Album Review: Japandroids: Near to the Wild Heart of Life (2017)

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Japandroids are one of the most focussed rock bands. Over 8 years and 3 albums they have peddled the same schtick: the duo thrash out on the guitar (Brian King) and drums (David Prowse) whilst shouting at each other, as if across a football pitch, about their life as a band on the road. Sometimes with melody.

This consistency is anathema to many music critics, who invariably expect sonic and thematic progression from bands à la Wilco or Radiohead. Forward motion is the way of the biz, and if you can’t keep up, drop out. So sayeth Pitchfork and their ilk, and though I do appreciate the excitement of an artist trying something new, I think this approach ignores some good records that don’t necessarily push the envelope but are well-made and give music junkies the adrenalin buzz they crave.

I find it pretty amusing that Japandroids have taken half a decade off in order to produce an album that focuses on very much the same sex, booze n’ touring adventures as the last one, the much-celebrated Celebration Rock, and I still think the music makes it all valid. You can feel the thrill of the rock n’ roll lifestyle. The lads have added some sheen to the production, notably in the acoustic guitars and synths on the 7-minute ‘Arc of Bar’, but its wild heart is, as ever, in the guitar-and-drums blitzkrieg assault. Each tries to bash it out louder than the other on their respective instrument, like hyper-competitive toddlers, until the chanted ‘oh!’, ‘na!’ or ‘yeah!’ of a chorus brings them together with a rowdy crash of momentum. On the third album this madcap formula still works, still generates excitement, even if the energy now comes from late 30-somethings.

Coming-of-age supposedly brings maturity, and Japandroids hint at it by referencing coming-of-age classic Portrait of the Artist as a Young Man in the title Near to the Wild Heart of Life. But the truth is that they had already reached maturity on their 2009 debut Post-Nothing, which began with ‘The Boys Are Leaving Town’ and contrasted that youthful promise of escape with the disillusioned chant of ‘Will we find our way back home?/I don’t know’. Songs of youth, songs of experience? They managed both at once. Clearly they learnt this trick from Bruce Springsteen, whose yearning for the open road of America and contradictorily the retreat of his own hometown has echoed throughout a fascinating career. Japandroids are not nearly as passionate, clever or funny as The Boss, but you can still see this conflicted fascination play out on their latest album: ‘I pray those yellow lines on the I-5/Bring me back home to you’ they sing on ‘Midnight to Morning’, the freedom of the road only leading their minds back home to certain loved ones.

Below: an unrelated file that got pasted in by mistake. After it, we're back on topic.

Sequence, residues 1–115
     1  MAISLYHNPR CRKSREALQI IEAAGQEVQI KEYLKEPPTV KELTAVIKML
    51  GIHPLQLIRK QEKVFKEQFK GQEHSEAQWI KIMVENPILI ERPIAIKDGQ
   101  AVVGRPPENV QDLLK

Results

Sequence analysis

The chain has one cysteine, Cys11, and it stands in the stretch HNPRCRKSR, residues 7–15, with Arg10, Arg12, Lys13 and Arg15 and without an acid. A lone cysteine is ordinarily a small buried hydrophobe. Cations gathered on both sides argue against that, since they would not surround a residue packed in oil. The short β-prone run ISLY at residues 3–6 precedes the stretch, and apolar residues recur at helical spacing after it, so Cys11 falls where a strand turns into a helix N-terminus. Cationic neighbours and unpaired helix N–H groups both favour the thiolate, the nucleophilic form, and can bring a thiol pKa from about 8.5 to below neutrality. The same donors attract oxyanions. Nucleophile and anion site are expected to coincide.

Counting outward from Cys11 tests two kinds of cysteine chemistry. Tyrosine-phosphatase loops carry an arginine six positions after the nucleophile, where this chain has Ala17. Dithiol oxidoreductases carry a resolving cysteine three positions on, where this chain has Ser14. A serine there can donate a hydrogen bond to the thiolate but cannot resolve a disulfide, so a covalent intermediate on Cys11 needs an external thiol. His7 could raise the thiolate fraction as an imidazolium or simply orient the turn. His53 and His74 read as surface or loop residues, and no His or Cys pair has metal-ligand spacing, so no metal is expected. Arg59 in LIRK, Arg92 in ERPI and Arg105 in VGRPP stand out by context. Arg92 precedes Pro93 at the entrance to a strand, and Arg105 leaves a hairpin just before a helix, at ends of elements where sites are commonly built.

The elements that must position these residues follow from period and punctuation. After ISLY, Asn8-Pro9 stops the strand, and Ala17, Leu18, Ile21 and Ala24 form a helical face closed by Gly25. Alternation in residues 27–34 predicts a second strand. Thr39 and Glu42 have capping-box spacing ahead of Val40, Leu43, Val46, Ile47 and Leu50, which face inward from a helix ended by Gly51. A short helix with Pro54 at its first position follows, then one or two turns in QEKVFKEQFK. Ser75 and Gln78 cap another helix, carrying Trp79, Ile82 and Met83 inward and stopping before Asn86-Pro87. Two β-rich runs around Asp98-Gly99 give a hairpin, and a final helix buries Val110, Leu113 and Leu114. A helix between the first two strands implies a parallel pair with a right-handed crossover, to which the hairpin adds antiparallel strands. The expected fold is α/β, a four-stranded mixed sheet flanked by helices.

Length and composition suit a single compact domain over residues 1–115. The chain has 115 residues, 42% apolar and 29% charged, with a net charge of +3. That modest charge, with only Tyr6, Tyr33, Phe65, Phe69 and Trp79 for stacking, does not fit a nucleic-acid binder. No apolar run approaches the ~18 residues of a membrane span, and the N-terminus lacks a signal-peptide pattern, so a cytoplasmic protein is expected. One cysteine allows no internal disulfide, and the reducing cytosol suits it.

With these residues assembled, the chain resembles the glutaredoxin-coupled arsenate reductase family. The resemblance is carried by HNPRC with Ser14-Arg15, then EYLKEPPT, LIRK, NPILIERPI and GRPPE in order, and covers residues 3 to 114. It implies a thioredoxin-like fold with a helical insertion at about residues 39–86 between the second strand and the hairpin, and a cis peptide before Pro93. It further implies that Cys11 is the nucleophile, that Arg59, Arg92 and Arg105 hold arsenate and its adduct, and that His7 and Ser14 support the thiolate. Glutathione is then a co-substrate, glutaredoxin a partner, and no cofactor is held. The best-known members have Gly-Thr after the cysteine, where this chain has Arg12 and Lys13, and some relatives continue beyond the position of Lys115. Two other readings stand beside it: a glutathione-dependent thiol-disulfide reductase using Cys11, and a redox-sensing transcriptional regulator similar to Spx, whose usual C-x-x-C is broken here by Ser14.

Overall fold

So they explore the emotional limits of touring in a rock band, whilst never denying the stroke of liberty it has provided them with. ‘Criss-crossing the continent all aglow’ in ‘North East South West’, they are Canadian boys thrilling to traversing the American terrain – and, it is implied, its women. Yet they also recognise the exhilaration of monogamy: ‘No known drink/No known drug/Could ever hold a handle to your love’ they coo towards the end on, not coincidentally, the most musically impassioned track.

They want it both ways it seems, and they always have done: a rock n’ roll and a stable life. This explains both the 5 year break, allowing for both members to become somewhat domesticated, and the continued stadium rock euphoria of their music. Stick your hands in the air, like you really do care.



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